Major facts about Sojourner Truth
Sojourner Truth was a former African-American slave who fought very hard, along with many renowned 19th-century anti-slavery and women’s rights activists, to tear down the institution of slavery and women oppression in America. She is most famous for fleeing her abusive slave master and then going on to help countless enslaved African Americans make their way to freedom using the Underground Railroad System.
World History Edu explores all the major facts about Sojourner Truth.
- She spent the first nine years of her life on an estate at Swartekill, Esopus, New York.
- Sojourner Truth grew up speaking Dutch as her first language. She would later learn to speak English fluently.
- After the death of her first master, Charles Hardenbergh, in 1806, she was sold to John Neely. Truth was abused by Neely on several occasions, receiving beatings on a daily basis. Neely later sold her for $105 to Martinus Schryver in Port Ewen, New York. 18 months later, she was again sold to John Dumont of West Park, New York. Aside from being raped by Dumont, Dumont’s wife was cruel to Sojourner Truth.
- In 1815, Sojourner Truth started seeing Robert, a slave owned by a landscape painter called Charles Catton, Jr. Because Charles would not be entitled to the children of Truth, he disapproved of Robert and Truth seeing each other. In one instance, the Charles family beat Robert to pulp for sneaking out to see Sojourner. Robert would die a few years later.
- While working at the Freedman’s Hospital in Washington D.C., she boarded the streetcars to show her rejection of segregation laws in the country.
- Inspired by some the works done by Ulysses S. Grant, Sojourner Truth lent her support to President Grant’s presidential campaign. She even tried to vote on Election Day; however, she was quickly evicted from the place. Women by then did not have the right to vote. Regardless, it was a firm statement that Sojourner made – she was not the kind to back down on the struggle for equality in the United States.
- Over the course of her life, she worked and collaborated with some really amazing human rights activists, including Wendell Philips, Susan B. Anthony, William Lloyd Garrison, Lucretia Mott, Ellen G. White, Parker Pillsbury, and Frances Gage.
- In 1851, Sojourner Truth went on a lecture tour throughout central and western New York State. She was in the company of renowned abolitionists, including George Thompson.
- In the course of her life she gave several hundreds of speeches, inspiring future generations of women’s rights activists.
- Sojourner Truth had a knack for remaining very composed when giving speeches on human rights for women and blacks. She was hardly fazed by the audiences – some of which were very hostile towards her.
- She was able to defuse an intense situation, where a group of rowdy young men threatened to set ablaze the camp she was in. Even though she was the only black woman, she did not flinch. She climbed to a small hill top and started singing [the song “It was Early in the Morning”]. Her song was able to calm the nerves of the men, who later left the camp without harming anyone.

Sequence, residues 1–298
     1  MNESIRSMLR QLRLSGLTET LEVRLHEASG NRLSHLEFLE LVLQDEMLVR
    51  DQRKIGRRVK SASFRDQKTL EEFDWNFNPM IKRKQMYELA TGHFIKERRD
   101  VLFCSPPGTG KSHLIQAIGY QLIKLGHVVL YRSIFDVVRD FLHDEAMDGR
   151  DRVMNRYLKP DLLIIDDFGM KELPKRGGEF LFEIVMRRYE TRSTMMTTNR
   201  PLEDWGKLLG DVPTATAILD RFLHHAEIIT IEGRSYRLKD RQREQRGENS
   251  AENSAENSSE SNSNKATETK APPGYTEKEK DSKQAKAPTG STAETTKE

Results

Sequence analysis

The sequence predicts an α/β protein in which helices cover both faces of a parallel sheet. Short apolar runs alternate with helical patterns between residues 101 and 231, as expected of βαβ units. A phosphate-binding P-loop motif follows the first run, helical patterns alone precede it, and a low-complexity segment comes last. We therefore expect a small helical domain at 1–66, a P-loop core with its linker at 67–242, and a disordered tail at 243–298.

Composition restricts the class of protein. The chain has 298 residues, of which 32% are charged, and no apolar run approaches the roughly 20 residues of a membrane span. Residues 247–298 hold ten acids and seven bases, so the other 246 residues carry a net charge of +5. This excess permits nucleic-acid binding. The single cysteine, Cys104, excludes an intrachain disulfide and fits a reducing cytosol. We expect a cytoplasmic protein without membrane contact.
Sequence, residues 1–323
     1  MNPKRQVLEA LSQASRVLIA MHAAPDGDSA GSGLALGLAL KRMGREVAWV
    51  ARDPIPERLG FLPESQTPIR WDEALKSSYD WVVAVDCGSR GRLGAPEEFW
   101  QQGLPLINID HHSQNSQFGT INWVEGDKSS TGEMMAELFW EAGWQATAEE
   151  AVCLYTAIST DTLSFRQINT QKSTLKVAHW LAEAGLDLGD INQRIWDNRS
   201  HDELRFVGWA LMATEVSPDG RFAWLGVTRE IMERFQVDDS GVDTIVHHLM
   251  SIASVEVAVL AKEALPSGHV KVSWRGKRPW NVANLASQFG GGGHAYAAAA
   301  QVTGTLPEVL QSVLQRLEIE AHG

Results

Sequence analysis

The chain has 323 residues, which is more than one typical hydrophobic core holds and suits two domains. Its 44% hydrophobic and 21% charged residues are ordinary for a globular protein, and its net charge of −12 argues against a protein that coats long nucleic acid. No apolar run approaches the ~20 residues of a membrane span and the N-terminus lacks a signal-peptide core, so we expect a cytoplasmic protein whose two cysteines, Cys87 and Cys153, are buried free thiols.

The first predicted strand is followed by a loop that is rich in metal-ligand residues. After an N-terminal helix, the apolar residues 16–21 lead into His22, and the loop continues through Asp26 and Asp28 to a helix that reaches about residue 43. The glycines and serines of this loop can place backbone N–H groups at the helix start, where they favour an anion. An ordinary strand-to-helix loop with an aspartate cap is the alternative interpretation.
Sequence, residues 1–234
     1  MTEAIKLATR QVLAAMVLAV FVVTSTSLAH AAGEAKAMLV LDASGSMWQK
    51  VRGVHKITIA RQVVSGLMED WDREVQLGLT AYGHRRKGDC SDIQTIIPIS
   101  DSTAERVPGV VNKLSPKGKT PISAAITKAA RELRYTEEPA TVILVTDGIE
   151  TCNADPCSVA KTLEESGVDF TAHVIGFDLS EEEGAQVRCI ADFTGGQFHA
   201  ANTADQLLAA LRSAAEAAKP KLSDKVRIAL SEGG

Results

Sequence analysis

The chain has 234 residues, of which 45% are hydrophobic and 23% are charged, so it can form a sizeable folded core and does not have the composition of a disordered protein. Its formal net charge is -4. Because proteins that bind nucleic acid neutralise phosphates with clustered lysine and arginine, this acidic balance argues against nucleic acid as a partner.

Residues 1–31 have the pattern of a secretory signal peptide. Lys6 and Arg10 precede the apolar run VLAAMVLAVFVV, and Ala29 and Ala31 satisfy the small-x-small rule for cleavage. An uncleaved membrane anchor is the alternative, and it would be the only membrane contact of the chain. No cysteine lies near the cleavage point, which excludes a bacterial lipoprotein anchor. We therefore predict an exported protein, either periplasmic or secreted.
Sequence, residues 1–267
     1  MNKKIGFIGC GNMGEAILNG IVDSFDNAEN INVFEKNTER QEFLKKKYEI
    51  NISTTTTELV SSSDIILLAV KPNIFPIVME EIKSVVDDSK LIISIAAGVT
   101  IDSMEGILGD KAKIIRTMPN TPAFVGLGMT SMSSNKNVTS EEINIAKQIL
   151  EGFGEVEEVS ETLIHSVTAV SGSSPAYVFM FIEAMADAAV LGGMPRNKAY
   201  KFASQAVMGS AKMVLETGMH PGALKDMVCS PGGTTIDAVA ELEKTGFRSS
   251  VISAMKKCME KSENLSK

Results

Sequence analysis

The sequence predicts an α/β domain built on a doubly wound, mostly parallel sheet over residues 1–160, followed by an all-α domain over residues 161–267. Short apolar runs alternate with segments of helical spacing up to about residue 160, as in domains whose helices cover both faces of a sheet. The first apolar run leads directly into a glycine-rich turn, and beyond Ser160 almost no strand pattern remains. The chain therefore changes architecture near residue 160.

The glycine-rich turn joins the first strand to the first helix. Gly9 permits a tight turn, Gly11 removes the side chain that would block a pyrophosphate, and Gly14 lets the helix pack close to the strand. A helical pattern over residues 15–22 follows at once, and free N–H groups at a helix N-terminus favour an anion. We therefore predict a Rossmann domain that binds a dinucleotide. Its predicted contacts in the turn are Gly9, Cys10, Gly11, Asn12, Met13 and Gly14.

- Being a devout Christian, it was not uncommon for her to make religious references in her speeches. One of her favorite Bible reference was the story of Esther. She has quoted the text “honor thy father and thy mother” to support her argument as to why women needed the same rights as men. For example, she eloquently used Bible stories at the American Equal Rights Association in May, 1867, to advocate rights for black men and black women.
- When she was a slave, Sojourner Truth endured some of the most terrible of things that could be meted out to a human being. She was often times beaten by her master for not understanding English. Once she took to preaching and activism, she is believed to have let go of all the hatred she had for those that abused her.
- For close to a decade, she devoted her time to petitioning the federal government to granting lands in the west for African Americans. She believed that those lands would allow the blacks to make something of themselves. In spite of her efforts, those land grants never came to fruition.
- At the Second Annual Convention of the American Woman Suffrage Association in Boston in 1871, Sojourner Truth stated that it is in the interest of the whole nation that women be empowered and be not denied their rights, especially voting rights and reproductive health rights.
- Even though she was an illiterate, she was one of the most eloquent orators of her time. In 1850, she dictated her experiences, both during and after slavery, to Olive Gilbert. Her story was later published under the title The Narrative of Sojourner Truth: a Northern Slave.
- In 2009, a bust of Sojourner Truth was unveiled at the Emancipation Hall in the U.S. Capitol Visitor’s Center. This made her the first African American woman to have a statue in the Capitol building. The sculpture was made by Artis Lane.
- In 2014, Smithsonian magazine included her in their list of 100 Most Significant Americans of All Time.
- She is believed to have had 10-12 siblings. Her parents were James Baumfree and Elizabeth Baumfree. Her parents were purchased by Colonel Hardenbergh.
- In 1981, Sojourner Truth was posthumously inducted into the National Women’s Hall of Fame in Seneca Falls, New York.
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